Roots: The story is an adaptation of the Audio Visuals episode Vilgreth. Patrick Trethui (as in Professor) is a Nick Briggs pseudonym, having been used by him in directing his debut as the Doctor in the Audio Visuals story The Time Ravagers. The Hitchhiker's Guide to the Galaxy (giant spacecraft cleaning planets from space lanes) and the Star Trek episode 'The Doomsday Machine' (planet devouring space hulk). Roald Dahl's The BFG. The character of Vilgreth references the works of SF writer Philip Jose Farmer, specifically To Your Scattered Bodies Go, in the Riverworld series (which mentions Joe Miller, an eight-hundred-pound prehistoric 'titanthrop', a member of a pre-human race. He has a long, protruding nose and a lisp), and The Alley Man (whose protagonist thinks somewhat like Vilgreth, has violent rages and loves mechanical tinkering).
Goofs: Despite Vilgreth's ship's size being enough to consume an entire planet, and being dangerously close to Ormelia, its detonation nevertheless only has some debris harmlessly burn up in its atmosphere [that must have been one hell of a time bomb].
Technobabble: Bipolar vectoring modular flange jets and arc tunnel boosters are, apparently, what Vilgreth lives for.
Double Entendres: 'Spatial co-ordinates failure - what's that supposed to mean?'
'I am blighted with a sense of Justyce, Doctor' (okay, an Audio Visuals in-joke maybe)
'One of the deck hatches opened up and my ship fell into your hole.'
Dialogue Disasters: 'You cold-blooded lizard!'
Dialogue Triumphs: 'Chaarlk? This is no toime fer food'
Continuity: This story presumably takes place after the Doctor and Ace have parted company, and either before the seventh Doctor's experiences of 'The Sirens of Time' or between it and 'Doctor Who'. The Doctor has been promising himself a holiday and plans to visit the planet Ormelia, a favourite haunt in his 'younger days' (it's clearly been some time since, as he doesn't recognise the planet at first).
Ormelia has golden skies and undulating, pale green seas. It also has a force of Security Operatives (if Stelpor is native then we may also assume that the Ormelians are reptilian). Despite his familiarity with the planet, the Doctor has no idea how long a 'cycle' is [perhaps this isn't a standard Ormelian time unit and is specific to the time bombs their Security force use].
When Vilgreth asks the Doctor if he made the TARDIS, he says no, however he makes mention in his narration that 'technically indestructible' were words he saw in the design specifications for it [or perhaps for the type 40]. After exposure to the spaceship's furnace it suffers slight scorching to its outer shell configuration components.
Professor Patrick Trethui was among many things a scientist, traveller (he had a 'Jupiter run'), archaeologist and collector of spaceships, who [probably long] after the time of the 'Planet-eater' space craft period succesfully recovered remains of a Titanthrope in Devon. Using the DNA from the remains he recreated a living 'Titan', named Vilgreth. It is not indicated whether this name is native to the species - Vilgreth himself doesn't seem to be able to read, and prior to the professor fitting him with an electronic voicebox, he was without speech. The experiment was not entirely succesful, Vilgreth having headaches and violent moods, and when Trethui sought to sedate him with a dart gun, the Titan turned on his creator and killed him and the rest of the workers on his farm (save the housekeeper), fleeing in the Planet-eater craft, his favourite. At the time of the story Vilgreth is ten years old.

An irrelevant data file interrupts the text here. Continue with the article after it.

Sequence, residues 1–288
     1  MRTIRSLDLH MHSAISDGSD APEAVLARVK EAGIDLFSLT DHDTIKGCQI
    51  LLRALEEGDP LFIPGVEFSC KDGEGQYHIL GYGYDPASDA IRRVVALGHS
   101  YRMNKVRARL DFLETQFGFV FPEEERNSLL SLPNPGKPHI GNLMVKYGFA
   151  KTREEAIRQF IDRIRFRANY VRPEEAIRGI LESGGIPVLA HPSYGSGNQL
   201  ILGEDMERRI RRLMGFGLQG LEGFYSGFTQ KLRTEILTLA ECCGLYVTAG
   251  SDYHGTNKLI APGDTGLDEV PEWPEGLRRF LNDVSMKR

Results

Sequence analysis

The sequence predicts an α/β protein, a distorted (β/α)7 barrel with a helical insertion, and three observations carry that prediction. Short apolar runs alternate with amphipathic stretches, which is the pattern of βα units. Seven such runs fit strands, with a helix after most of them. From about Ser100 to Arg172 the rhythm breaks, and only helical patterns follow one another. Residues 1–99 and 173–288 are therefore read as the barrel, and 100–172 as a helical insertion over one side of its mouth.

The Doctor drinks tea and takes either sugar or some other sweetener (the sound of stirring can be heard in the story's closing).
Untelevised Adventures: In his 'younger days' the Doctor regularly visited Ormelia.
Future History: Ten years previous to this story Earth's regions included Oceana and the European Senate (of which 'Old England' is part). 'Planet-eater' class space ships were built 'centuries' before the events of this story, but were decommissioned and mostly scrapped. Some however fell into the hands of museums and collectors.
Location: Vilgreth's Planet-eater spaceship, close to the planet Ormelia, [presumably] in the Milky Way Galaxy.
The Bottom Line: 'Rocks go in, flames come out. Burn, burn...'
If 'Last of the Titans' had been televised, perhaps the word of the day would be 'oddball'. Yet a sombre ending and an overall sense of doom prevents the story from fitting entirely within the mould of Season 24, one of its closest counterparts. Closer to 'The Pescatons', employing its half-narrative by the Doctor, it uses its single episode format well, and Nick Brigg's lumbering Vilgreth is an appealing and affecting supporting character.